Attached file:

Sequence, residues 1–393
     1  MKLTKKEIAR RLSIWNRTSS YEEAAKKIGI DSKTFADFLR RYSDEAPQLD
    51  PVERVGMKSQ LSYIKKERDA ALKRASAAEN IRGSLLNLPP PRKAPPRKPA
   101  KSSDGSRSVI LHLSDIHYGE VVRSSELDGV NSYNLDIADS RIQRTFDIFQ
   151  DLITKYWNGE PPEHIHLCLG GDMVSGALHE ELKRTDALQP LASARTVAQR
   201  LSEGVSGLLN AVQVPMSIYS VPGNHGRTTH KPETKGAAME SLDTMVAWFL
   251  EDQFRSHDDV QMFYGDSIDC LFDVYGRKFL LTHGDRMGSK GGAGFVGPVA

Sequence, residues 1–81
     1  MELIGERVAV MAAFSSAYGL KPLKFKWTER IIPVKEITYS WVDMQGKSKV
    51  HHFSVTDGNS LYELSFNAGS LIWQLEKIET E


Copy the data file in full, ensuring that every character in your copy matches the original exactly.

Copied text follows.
Sequence, residues 1–393
     1  MKLTKKEIAR RLSIWNRTSS YEEAAKKIGI DSKTFADFLR RYSDEAPQLD
    51  PVERVGMKSQ LSYIKKERDA ALKRASAAEN IRGSLLNLPP PRKAPPRKPA
   101  KSSDGSRSVI LHLSDIHYGE VVRSSELDGV NSYNLDIADS RIQRTFDIFQ
   151  DLITKYWNGE PPEHIHLCLG GDMVSGALHE ELKRTDALQP LASARTVAQR
   201  LSEGVSGLLN AVQVPMSIYS VPGNHGRTTH KPETKGAAME SLDTMVAWFL
   251  EDQFRSHDDV QMFYGDSIDC LFDVYGRKFL LTHGDRMGSK GGAGFVGPVA

Sequence, residues 1–81
     1  MELIGERVAV MAAFSSAYGL KPLKFKWTER IIPVKEITYS WVDMQGKSKV
    51  HHFSVTDGNS LYELSFNAGS LIWQLEKIET E